Tuesday Open Thread ~ Countdown to Iowa
“It is not power that corrupts but fear. Fear of losing power corrupts those who wield it and fear of the scourge of power corrupts those who are subject to it.”
~ Aung San Suu Kyi, Freedom from Fear
Welcome to Tuesday's Open Thread. It's less than a week until the Democratic Primary season begins and I'd like to start off today's OT by giving a shout out to the many volunteers who come from all over the United States to knock on doors for their candidates. To the people of Iowa who care enough to come out and caucus with their neighbors to debate and decide on political and policy issues, I offer a warm and sincere thank-you. While the memory of 2016 and what the powerful in this country are capable of has not lessened for me personally, nonetheless, I'd like to say a few words about Bernie Sanders. A politician who against all odds in 2016, spoke up against the establishment on our behalf and initiated a national dialogue and a movement representing the issues that are important to all of us in a way no other politician has in my lifetime. He inspired a generation of young people to fight back against the earth scorching policies our political leaders are hell bent on carrying out while people here struggle to pay rent, medical bills, and find jobs that pay a living wage. And after the establishment did everything they could to destroy what he began, Bernie Sanders is back. Stronger than ever. That, if for no other reason than making neo-liberals heads explode all over this country, is worth celebrating.
Seems straight forward enough. Bernie is getting 25% of the Iowa vote. But according the New York Times, things are a little more complicated.
"Despite the ascent of Mr. Sanders, a self-described democratic socialist, the poll also highlighted the combined appeal of the centrists: 55 percent of those surveyed said they preferred a standard-bearer who is “more moderate than most Democrats.”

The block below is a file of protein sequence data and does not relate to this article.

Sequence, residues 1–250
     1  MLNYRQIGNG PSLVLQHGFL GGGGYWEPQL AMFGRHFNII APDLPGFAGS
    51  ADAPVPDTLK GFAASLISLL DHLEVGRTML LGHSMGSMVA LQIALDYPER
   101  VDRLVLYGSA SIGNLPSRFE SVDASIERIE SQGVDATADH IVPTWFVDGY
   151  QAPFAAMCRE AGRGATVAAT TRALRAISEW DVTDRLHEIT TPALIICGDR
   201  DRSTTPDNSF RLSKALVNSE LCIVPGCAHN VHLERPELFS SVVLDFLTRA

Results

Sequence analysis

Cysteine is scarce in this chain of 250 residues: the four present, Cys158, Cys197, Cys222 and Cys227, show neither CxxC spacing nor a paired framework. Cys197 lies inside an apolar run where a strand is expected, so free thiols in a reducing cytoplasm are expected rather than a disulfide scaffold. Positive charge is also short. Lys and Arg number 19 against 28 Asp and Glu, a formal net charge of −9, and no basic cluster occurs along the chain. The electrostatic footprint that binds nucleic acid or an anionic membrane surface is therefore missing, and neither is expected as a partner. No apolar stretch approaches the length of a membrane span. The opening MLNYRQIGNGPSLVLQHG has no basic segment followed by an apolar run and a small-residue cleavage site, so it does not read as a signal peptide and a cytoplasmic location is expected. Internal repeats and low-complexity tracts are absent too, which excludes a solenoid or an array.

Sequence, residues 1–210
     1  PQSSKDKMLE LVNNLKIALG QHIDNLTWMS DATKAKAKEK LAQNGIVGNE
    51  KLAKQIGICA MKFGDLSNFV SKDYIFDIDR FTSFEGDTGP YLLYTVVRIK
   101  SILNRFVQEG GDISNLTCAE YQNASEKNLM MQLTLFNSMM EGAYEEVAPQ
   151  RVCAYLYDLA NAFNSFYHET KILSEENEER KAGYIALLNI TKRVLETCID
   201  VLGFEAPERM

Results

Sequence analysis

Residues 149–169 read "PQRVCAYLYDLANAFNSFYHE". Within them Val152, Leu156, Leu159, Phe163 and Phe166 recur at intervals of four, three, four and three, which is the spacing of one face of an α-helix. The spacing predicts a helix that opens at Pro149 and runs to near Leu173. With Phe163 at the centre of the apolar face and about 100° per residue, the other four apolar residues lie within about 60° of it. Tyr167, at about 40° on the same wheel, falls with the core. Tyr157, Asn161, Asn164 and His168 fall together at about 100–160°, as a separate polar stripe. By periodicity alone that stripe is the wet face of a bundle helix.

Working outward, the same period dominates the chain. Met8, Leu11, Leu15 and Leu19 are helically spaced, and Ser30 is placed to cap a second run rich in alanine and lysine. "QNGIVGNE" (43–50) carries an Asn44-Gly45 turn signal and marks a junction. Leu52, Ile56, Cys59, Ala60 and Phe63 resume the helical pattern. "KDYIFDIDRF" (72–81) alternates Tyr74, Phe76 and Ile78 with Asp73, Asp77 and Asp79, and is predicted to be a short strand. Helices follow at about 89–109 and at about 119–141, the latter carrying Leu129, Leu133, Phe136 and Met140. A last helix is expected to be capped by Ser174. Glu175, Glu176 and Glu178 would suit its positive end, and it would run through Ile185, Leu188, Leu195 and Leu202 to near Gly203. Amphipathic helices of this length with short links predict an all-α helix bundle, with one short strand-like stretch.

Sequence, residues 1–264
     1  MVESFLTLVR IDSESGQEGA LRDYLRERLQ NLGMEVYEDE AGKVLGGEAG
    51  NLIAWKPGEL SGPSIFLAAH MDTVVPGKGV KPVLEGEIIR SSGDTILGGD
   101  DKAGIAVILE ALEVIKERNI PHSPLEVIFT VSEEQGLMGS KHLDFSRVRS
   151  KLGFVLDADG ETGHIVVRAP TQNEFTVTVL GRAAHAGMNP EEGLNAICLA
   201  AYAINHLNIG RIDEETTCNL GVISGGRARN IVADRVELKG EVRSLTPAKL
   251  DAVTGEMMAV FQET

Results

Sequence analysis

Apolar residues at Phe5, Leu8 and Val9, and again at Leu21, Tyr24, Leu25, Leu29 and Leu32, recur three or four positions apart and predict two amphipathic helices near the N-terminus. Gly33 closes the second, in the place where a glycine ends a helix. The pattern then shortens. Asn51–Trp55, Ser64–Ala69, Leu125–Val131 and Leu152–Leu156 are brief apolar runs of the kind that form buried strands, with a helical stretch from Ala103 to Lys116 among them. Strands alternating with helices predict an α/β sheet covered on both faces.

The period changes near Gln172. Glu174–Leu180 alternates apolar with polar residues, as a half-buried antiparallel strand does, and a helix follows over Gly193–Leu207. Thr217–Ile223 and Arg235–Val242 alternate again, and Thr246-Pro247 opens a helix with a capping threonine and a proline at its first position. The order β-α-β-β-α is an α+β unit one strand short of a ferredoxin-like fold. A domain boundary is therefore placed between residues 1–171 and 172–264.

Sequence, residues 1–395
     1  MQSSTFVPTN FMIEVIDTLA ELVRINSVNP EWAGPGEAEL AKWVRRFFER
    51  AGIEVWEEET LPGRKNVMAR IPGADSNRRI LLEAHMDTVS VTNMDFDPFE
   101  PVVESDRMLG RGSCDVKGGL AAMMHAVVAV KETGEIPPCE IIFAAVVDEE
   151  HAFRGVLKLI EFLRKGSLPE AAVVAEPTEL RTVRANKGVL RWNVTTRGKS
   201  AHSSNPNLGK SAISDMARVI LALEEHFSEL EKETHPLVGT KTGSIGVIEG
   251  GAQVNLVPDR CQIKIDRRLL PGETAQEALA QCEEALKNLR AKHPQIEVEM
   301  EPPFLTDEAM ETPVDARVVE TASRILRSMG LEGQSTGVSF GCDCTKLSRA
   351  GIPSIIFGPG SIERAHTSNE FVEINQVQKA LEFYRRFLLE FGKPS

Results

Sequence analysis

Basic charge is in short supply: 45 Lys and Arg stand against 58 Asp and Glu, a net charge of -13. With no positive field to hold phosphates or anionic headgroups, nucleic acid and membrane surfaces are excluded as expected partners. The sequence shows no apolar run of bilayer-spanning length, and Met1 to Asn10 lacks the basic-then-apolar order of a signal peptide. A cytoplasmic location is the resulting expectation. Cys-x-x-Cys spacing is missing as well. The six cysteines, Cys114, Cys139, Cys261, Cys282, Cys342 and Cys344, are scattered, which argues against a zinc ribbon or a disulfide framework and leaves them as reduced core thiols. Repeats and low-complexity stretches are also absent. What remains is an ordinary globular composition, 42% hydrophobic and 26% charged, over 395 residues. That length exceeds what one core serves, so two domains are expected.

Okay, so let's put aside for a moment that the readership of the New York Times is not worried about being able to afford cancer treatment or becoming homeless to pay for it. Instead, let's focus on what a "moderate" Democrat might mean to the Iowa voter in terms of policy. Oh, wait. There is no mention of what a "moderate" Democrat means in terms of policy. Maybe that's because if the NYT were to differentiate between policies that "adjust" funding for Social Security and Medicare, and policies that don't, the good people of Iowa might start questioning what 'moderate' really means? And the NYT can't be making those distinctions when misleading labels about Bernie's "radical" policies and the question of Bernie's electibility serves their actual purpose.
The Times did highlight, however, that Sanders' lead is contradictory to another key element in the poll. The majority of Iowa Democrats prefer a candidate who is more moderate than most Democrats at 55 percent, compared to just 38 percent who want someone more liberal than the average party member. Sanders, it's safe to say, falls into the latter camp. With candidates like Biden and Buttigieg lumped together in second and third, along with Sen. Amy Klobuchar (D-Minn.) at 8 percent, it appears that those moderate voters are split. It remains to be seen if they'll coalesce in the lead up to the caucus, but if they don't they may cancel each other out in the process.
I think we're seeing a trend here. 'Bernie is too radical for a majority of American voters and will never beat Trump because of it'... A story-line, I'm sure, that will fit in consistently if the exit polls don't match the final vote count.
Iowa's Democratic Party plans to use a new Internet-connected smartphone app to help calculate and transmit results during the state's caucuses next month, Iowa Public Radio and NPR have confirmed.
Party leaders say they decided to opt for that strategy fully aware of three years' worth of warnings about Russia's attack on the 2016 presidential election, in which cyberattacks played a central role.
So the same DNC that insisted they were NOT legally obligated to follow their own rules are now in charge of a software app that is supposed to follow the rules???
Iowa's Democrats hope the new app lets the party get results out to the public quicker, says Troy Price, the chairman of the state party.
In an interview, Price declined to provide more details about which company or companies designed the app, or about what specific measures have been put in place to guarantee the system's security.
In other words, just trust us...